I recently wrote about how academics in christian universities and colleges in the USA are finding their professional conclusions coming into conflict with the faith statements of their colleges. But this is an issue that to some degree affects all christians.
How should we respond when secular learning seems to contradict traditional christian belief?
It seems inevitable that there will be a tension for christians between academic knowledge and faith. But sometimes the tension becomes very personal in its impacts, and feelings are high on both sides. These issues have come to a head a number of times in recent years at universities and colleges in the USA.
Many years ago, in a mis-spent youth, I completed some formal theological study. For one subject, I studied the prophet Isaiah. Just this week I prepared and led a study on Isaiah, and renewed my awe of this amazing man.
I really think he had the deepest understanding of God of any person who lived before Jesus, and more than most people since.
When it’s all said and done about the Bible, sometimes more is said than done. But the purpose of the Bible is not to simply read, but to lead us to action. What does the Bible call us to do if we choose to follow Jesus?
So far, the matters we have been discussing seem, to me at least, to be fairly clear and straightforward. They have been based on clear statements in the Bible (or lack of them) and the clear views of competent scholars.
But today’s topic is very challenging, and I can’t claim to have many answers. I’ll be interested in any reactions please.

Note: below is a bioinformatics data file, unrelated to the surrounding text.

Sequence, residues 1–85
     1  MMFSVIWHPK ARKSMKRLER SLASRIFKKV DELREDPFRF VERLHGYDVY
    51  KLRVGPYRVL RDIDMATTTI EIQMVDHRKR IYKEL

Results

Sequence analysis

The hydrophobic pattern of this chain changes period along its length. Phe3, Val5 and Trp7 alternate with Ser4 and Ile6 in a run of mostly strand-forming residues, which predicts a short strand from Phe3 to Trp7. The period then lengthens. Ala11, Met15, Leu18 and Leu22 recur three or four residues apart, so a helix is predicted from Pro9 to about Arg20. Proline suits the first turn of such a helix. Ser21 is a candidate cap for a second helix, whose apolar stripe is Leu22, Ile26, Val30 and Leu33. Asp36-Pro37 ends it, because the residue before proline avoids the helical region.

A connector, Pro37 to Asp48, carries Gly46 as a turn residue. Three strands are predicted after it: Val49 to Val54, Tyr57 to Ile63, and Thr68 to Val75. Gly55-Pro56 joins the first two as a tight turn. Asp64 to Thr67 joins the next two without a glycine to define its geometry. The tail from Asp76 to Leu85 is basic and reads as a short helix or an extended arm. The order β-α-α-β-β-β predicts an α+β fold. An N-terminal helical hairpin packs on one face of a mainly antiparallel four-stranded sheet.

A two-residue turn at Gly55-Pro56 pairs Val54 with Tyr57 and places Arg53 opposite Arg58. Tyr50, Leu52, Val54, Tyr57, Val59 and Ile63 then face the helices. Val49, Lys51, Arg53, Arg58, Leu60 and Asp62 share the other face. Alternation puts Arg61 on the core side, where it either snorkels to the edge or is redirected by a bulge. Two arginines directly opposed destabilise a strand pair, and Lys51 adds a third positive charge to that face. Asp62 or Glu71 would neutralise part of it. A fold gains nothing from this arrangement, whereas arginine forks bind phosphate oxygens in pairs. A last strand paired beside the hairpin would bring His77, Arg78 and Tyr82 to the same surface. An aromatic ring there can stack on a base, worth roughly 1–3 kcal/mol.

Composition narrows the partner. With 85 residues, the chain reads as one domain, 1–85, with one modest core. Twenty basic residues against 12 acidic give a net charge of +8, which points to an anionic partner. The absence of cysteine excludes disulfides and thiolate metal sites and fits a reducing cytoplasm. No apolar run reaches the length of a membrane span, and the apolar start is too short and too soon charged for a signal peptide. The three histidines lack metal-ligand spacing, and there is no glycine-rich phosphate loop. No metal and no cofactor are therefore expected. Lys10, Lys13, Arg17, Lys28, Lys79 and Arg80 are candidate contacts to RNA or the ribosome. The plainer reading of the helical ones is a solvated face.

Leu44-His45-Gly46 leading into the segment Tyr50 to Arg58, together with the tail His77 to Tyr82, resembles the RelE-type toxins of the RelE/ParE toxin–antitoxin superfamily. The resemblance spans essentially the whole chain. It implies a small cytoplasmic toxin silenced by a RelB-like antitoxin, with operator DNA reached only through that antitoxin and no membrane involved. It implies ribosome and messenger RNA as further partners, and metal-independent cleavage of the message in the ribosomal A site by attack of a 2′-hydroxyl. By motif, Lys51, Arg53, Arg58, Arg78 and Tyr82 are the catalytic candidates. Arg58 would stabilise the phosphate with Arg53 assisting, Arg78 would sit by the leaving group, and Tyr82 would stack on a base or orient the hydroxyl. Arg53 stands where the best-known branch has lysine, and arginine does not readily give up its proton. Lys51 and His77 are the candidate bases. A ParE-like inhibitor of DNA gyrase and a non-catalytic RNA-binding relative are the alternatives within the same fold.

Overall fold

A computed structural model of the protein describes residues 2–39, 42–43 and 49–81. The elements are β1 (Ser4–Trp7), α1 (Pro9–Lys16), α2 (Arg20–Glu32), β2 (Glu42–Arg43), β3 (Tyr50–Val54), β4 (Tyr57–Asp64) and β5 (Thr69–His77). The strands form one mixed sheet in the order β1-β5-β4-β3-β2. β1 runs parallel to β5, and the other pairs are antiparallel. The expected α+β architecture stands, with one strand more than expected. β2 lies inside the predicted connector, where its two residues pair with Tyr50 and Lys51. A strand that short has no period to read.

Christians generally believe the Bible, and believe in the Bible, but what should we believe about the Bible?
Probably the strongest claim christians make about the Bible is that it is inerrant – it contains no errors. There are various limits put on this – e.g. it only applies to the original writings, it only applies to the meaning and intention of the writers – but within those limits it is perfectly accurate without the slightest inaccuracy.
We have looked at what Jesus, the Bible and the Bible authors say about the Bible and how they used their scriptures. Now it is time to see what we can conclude about the Bible, and whether some claims about the Bible can be sustained.
First, is it correct to describe the Bible as ‘the Word of God’?
The Bible is divided into two ‘Testaments’. It is obvious that the Old Testament tells about Hebrew history and religion before Jesus, while the New Testament tells about the coming of Jesus and what happened next.
But is that all? Can the differences between the two Testaments tell us something important about the Bible and how we should read it?
People say and write a lot about the Bible. But here is something interesting: the way we write about the Bible is very different from the way the Bible itself is written.
Most of the books, newspaper articles and webpages about the Bible are written like impersonal essays – a string of observations and evidence making some point. But the Bible itself is something quite different. A large part of the Bible is stories – and most of the rest is very personal.
Christians have probably argued more about the Bible, and how to interpret it, than almost anything else. Many churches say they believe the “Bible alone”, echoing the Reformation doctrine of sola scriptura. Yet I believe there is always a gap between the claim and the actual belief.
I am a christian who believes the Bible reveals God to us, but I want to try to show you that everyone disbelieves some parts of the Bible.